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Old December 1, 2012, 01:45 PM   #1
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Revolver bullet seating depth?

I am quite new to the sport of shooting and I have a question about revolver hand loads.
I read in the latest issue of 'Shooting Times' that the “bulletseating depth respective to bore leade can be a significant factor in accuracy”. The article was in reference to rifle rounds, and the resulting difference in group size was remarkable. My question is in the amount of difference one would experience in different seating depths for handgun rounds in a revolver.
Given the fact that a revolver round has to jump from the cylinder to the forcing cone to the barrel should you expect any significant change in group size, all other factors being the same?
I am aware that the same gun will shoot different loads with different degrees of accuracy and that two identical models will shoot the same load differently. I am curious to know if seating an identical bullet higher or lower in the case will change accuracy to any measurable degree in a revolver.
I look forward to your feedback.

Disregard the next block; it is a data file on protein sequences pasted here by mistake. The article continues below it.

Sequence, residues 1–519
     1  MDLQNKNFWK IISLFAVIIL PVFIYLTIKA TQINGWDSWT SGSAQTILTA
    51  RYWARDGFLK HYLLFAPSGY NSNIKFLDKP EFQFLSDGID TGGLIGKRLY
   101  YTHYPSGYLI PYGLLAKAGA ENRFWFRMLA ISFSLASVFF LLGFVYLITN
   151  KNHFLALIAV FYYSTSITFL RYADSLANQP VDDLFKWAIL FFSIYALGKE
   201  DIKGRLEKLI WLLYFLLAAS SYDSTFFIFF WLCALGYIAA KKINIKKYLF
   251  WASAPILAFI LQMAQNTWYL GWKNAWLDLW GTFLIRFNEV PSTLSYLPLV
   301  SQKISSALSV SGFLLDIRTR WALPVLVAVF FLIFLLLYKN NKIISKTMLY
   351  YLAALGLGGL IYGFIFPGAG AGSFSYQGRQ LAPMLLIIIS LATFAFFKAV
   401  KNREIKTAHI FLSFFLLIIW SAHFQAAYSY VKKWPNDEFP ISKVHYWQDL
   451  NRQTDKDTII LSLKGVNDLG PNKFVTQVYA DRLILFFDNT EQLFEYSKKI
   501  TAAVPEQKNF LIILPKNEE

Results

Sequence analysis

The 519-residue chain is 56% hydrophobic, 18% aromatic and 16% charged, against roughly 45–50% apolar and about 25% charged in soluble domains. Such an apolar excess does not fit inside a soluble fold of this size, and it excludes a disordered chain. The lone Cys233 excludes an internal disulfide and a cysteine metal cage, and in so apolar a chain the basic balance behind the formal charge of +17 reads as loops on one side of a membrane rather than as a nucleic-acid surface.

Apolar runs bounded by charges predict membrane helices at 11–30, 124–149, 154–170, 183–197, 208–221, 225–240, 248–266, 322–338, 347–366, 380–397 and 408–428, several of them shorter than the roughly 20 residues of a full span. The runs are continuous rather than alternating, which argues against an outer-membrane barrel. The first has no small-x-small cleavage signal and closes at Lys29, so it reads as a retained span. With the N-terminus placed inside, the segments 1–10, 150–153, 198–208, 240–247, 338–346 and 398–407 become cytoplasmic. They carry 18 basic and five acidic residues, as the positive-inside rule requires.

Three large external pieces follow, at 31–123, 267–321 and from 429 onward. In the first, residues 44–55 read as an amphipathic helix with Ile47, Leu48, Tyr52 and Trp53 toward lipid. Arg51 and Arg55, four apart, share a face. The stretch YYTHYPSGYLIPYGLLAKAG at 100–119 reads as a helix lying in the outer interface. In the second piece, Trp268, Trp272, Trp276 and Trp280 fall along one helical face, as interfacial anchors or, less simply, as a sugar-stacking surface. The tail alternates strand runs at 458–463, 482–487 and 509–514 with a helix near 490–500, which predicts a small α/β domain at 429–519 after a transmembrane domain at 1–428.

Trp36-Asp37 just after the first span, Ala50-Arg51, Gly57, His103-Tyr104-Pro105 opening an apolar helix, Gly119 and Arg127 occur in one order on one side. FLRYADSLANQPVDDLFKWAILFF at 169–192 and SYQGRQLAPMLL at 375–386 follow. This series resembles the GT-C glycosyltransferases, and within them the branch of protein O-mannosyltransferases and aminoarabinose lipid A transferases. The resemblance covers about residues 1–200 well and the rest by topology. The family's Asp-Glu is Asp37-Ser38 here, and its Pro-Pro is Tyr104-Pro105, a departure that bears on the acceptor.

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Old December 1, 2012, 02:11 PM   #2
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I sure there will be way more detailed and informative posts to come, but the first thing that springs to mind is that big differences in seat depth will make differences in pressure which could ultimately affect accuracy and possibly safety too...
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Old December 1, 2012, 02:25 PM   #3
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FWIW; for the last 30 years I've been seating revolver bullets to the cannalure or crimp groove, disregarding OAL measurements. With one exception; a 357" cast SWC that has two crimp grooves and if seated out the bullet may not fit some cylinders (can't rmember the Lyman mold number off hand). I suppose a smaller jump from case to rifling may have some effect on accuracy, but in my experience it is very little (if noticable at all). I automatically think of .38 and .44 Specials shot in Magnum guns and producing very good accuracy. I prefer to try for consistancy in other areas for most consistant accuracy (but as I age, my shootin' ain't gettin' no better...).
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Old December 1, 2012, 07:29 PM   #4
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I started reloading for shotgun, rifle, pistol and revolver in '65. Few data sources even suggested an OAL, those that did only listed the SAAMI normal magazine and minimum chamber leads designed for heavy round nose bullets. In all the years since I haven't looked at a book OAL, I find what feeds, chambers and shoots best for the load I'm developing.